a.k.a. Genma Taisen
a.k.a. Genma Wars
Earth is doomed. The great beast, Genma, is heading to our galaxy poised to destroy everything in his path. Fortunately, Princess Luna, a powerful telepath from Transylvania, learns of Genma’s coming arrival. Joined with the ancient, cybernetic, alien-warrior Vega, she must assemble a force of espers to combat this evil and save the galaxy, once and for all.
summary by Ender
Highs: That’s a good one
Lows: Oh boy…
There’s a scene in Harmagedon where the unearthly evil known as Genma learns of a plot, by do-gooders on Earth, to destroy him. So, taking a page out of the lazy-villain-handbook, he sends out two imps (one tall and one short for variety’s sake) to destroy our heroes. It was at this point where I stopped the movie and thought to myself: in an earlier scene, Genma all but plows through a galaxy, killing all but one creature — why would an invincible, alien energy source employ imps to do its dirty work when it could easily destroy our world, heroes and all? Also, why only two imps? Why not an army? Are these the only imps in the entire universe; they just happened to be on Genma’s rolodex? Questions like these pop up constantly through out Harmagedon. Questions the movie obviously doesn’t have the time nor the intelligence to ask itself.
The movie was based on a series of novels by Ishinomori Shotaro and Hirai Kazumasa — two men best-known for creating over-the-top adventure serials — and was helmed by Rintaro, who showcases the same loutish directional style seen in The Dagger of Kamui. However, whereas Kamui was merely long, Harmagedon cannot decide on its own run-time: the movie takes nearly an hour establishing one character, only to rush through several other characters in mere seconds. Most of the story involves Princess Luna repeating the point that Earth is in danger to some hapless, young psychic, and then fighting with one of the imps whom seem to appear out of nowhere and cause only the slightest damage to their surroundings — they probably didn’t want to steal all of Genma’s third-act glory.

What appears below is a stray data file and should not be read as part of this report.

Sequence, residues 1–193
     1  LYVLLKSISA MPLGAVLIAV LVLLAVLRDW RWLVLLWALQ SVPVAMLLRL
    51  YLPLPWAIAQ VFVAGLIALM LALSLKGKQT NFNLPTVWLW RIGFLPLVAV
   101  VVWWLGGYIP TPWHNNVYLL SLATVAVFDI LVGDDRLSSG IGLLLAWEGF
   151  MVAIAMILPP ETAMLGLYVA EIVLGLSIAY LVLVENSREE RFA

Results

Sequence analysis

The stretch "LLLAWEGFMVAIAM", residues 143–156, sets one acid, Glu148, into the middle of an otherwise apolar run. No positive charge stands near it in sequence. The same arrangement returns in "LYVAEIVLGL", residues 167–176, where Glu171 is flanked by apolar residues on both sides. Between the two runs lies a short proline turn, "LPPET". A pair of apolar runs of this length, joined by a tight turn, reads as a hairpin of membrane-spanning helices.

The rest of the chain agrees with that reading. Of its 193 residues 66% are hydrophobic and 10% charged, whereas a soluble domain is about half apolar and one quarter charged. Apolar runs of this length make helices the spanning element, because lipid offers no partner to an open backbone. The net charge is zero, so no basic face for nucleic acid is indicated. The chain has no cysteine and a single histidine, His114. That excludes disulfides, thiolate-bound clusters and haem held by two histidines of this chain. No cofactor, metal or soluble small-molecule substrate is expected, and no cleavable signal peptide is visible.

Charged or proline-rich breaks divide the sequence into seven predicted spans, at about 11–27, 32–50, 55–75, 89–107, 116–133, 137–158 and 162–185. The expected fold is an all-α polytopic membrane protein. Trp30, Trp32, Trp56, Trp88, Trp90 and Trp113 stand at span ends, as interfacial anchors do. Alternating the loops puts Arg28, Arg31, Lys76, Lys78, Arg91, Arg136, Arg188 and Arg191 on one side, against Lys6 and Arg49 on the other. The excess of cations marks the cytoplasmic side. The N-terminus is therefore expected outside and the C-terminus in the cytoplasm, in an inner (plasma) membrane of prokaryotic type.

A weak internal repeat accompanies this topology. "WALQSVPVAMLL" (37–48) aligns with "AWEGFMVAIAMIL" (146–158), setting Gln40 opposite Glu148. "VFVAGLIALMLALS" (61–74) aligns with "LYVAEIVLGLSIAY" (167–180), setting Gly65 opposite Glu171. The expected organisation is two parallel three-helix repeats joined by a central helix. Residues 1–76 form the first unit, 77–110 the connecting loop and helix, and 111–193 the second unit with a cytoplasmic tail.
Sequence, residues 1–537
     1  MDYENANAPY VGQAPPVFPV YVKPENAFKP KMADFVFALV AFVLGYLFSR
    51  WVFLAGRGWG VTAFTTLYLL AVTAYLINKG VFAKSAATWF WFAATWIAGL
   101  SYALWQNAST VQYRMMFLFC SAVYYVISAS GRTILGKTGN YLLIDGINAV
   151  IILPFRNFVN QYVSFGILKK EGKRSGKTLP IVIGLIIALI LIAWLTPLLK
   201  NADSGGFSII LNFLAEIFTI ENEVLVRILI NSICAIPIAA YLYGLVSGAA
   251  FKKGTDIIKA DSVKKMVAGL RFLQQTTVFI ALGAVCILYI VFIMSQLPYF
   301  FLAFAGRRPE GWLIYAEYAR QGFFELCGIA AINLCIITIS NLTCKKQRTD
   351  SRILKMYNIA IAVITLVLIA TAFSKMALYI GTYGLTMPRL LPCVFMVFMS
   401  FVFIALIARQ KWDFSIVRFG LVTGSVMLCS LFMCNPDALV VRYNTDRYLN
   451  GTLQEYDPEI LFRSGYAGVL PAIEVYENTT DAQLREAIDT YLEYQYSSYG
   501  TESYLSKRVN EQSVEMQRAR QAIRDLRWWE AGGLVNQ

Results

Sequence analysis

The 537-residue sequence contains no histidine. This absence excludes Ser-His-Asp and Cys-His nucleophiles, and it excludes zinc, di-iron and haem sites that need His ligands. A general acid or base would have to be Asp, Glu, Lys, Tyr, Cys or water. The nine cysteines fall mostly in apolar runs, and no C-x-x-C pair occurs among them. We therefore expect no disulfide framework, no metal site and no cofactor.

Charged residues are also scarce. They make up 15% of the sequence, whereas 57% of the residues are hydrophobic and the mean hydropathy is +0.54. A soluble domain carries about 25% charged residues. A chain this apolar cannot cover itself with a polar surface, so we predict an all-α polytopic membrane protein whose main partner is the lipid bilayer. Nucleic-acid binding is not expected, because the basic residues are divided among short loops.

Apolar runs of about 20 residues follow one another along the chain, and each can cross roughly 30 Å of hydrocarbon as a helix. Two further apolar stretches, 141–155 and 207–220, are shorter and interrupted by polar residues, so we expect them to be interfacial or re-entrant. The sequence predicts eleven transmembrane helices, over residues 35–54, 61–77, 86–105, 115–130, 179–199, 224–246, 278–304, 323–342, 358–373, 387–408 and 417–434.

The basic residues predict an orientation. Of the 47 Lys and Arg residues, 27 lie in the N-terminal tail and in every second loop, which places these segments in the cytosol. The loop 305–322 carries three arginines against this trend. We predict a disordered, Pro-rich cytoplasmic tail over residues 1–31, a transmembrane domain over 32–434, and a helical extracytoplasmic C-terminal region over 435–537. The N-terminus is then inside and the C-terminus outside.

The fights lack any sense of imagination or excitement: Luna’s warriors fire a rainbow of colors at the imps, and the imps blast back — occasionally, they all fly around. The animation is torpid as characters slug around, afraid that sudden movement might break the film. Keith Emerson supplies an entire Toys R’ Us keyboard full of light tunes that has no place in an elevator, let alone a movie about demons and telepaths. I could just see the original tagline: an assault on all the senses!
Otomo Katsuhiro worked on the character designs, but it’s not something he should keep on his resume. Otomo must have been bored reading the script and traced over some older drawings; the end result is a sleepy-looking group of rejected Sesame Street characters. The worst offender is Vega, who resembles a giant, yellow tuber, and not a powerful warrior. There’s also a blue-skinned, kabuki fortune-teller that runs around somewhere in this film; she probably just slipped right past the entire production crew’s eyes when they weren’t looking.
The ultimate problem with this movie is that it limits itself: it never fully takes off and embraces it’s ludicrous premise. I was able to see parts in the story where whole ideas of grandeur could have sprung up, but these were glossed over for reasons I don’t know; budget perhaps? It might seem unfair to bash on a movie that’s been rotting in the dark soil of bad-anime-land for so long, but sometimes it’s worth digging up fossils just to imagine the beast that could have been… just remember to lay them back in the ground.
Harmagedon can be downloaded legally in the United States HERE.